(Today’s post originally appeared at The Nexus Blog, a publication of the ACS Green Chemistry Institute. To learn more about the Institute, its activities, and its upcoming conference (June 18-20, Bethesda, MD), click the links above.)
Some of the most enthusiastic green chemistry advocates you can find anywhere are the undergraduate ACS Student Chapter members. At the recent ACS National Meeting in New Orleans, I had a chance to meet many of these students and hear what they are doing to promote sustainability and green chemistry in their communities and universities. As we celebrate Earth Day here in the United States, what better time is there to recognize the creativity and passion of the next generation of chemists!
ACS Green Chemistry Student Chapter Award Ceremony
This year there were 56 ACS Student Chapters who were recognized with a Green Chemistry Award. The award signifies that the chapter engaged in at least three green chemistry outreach and educational activities during the school year. ACS GCI Director, Dr. David Constable and ACS GCI Program Manager, Jennifer MacKellar, presented the awards at the ACS Chapter Awards Ceremony in New Orleans.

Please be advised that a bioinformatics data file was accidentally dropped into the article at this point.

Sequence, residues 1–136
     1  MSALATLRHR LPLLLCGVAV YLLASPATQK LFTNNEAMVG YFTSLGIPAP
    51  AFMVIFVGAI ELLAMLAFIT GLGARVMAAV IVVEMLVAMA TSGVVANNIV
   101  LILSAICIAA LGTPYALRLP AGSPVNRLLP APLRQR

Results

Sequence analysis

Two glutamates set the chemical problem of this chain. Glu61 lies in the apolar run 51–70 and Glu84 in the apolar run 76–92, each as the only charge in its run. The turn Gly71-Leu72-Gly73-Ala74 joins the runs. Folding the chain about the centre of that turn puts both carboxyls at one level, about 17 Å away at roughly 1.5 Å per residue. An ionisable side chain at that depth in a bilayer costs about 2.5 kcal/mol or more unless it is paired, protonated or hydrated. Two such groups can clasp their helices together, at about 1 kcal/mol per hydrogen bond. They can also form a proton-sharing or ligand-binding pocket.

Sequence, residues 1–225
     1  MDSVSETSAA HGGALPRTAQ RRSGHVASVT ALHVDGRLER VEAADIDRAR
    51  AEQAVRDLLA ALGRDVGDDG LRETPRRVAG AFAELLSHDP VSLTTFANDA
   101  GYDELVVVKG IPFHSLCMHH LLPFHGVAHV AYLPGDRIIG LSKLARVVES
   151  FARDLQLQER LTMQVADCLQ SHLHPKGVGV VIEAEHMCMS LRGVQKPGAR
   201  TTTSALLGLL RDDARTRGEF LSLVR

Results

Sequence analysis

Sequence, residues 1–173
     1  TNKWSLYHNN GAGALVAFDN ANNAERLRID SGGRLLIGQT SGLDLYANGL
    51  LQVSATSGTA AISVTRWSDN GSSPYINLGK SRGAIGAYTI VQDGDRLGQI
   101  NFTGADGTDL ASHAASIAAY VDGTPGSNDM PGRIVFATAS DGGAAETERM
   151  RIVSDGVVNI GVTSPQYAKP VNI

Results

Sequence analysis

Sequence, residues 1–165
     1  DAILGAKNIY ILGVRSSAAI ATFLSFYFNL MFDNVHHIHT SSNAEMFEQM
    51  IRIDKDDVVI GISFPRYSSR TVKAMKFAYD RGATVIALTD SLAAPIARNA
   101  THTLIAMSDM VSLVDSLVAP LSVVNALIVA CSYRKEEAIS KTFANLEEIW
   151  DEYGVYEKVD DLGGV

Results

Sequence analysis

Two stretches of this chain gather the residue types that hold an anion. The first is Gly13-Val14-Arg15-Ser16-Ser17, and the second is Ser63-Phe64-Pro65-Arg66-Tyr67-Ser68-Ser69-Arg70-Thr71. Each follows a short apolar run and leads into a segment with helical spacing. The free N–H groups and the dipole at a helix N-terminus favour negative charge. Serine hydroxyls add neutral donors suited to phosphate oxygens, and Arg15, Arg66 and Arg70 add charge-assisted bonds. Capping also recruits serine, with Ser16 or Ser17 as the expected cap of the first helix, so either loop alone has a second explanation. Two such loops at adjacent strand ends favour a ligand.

Catching up with Successful Green Student Chapters
Monday night at the National Meeting is capped by Sci-Mix—a packed celebration of science which included the “Successful Student Chapter” posters among many others. Dr. David Constable (ACS GCI Director), Jennifer MacKellar (ACS GCI Program Manager), and I (ACS GCI Communications Manager) wound our way through the popcorn-strewn isles to talk to some of the many ACS Student Chapters that were presenting on their green chemistry activities. By no means did we chance to speak with all of the chapters, and many others are doing great green chemistry outreach, but the following selection gives you a sense of the enthusiasm these students have for making an impact in their communities.
Pontifical Catholic University of Puerto Rico
At Pontifical Catholic University of Puerto Rico (PUCPR) students engaged in a wide variety of activities including designing green chemistry t-shirts and participating in an eco-fashion show, hosting guest lectures on topics such as “Conversion of Biomass to Ethanol for a Green Environment and a Sustainable Economy” and “Impact of Climate Change in the Caribbean Region”, and doing green chemistry demonstrations for other students. This is one active group!
Natalia Fernández, the PUCPR ACS Chapter’s Green Chemistry Chair, says, “Last week, we also had a get together in a park close to our school where we did a scavenger hunt using our green chemistry knowledge to go through different challenges. For example, the players had to decipher the 12 Principles of Green Chemistry that were coded. They also had to make an indicator using flowers, and sort waste between recyclable items and garbage.”
“Applying the 12 Principles of Green Chemistry is important because as future scientists, we have a responsibility to demonstrate to others the importance of protecting our planet,” commented José Mercado, one of the PUCPR students at the National Meeting.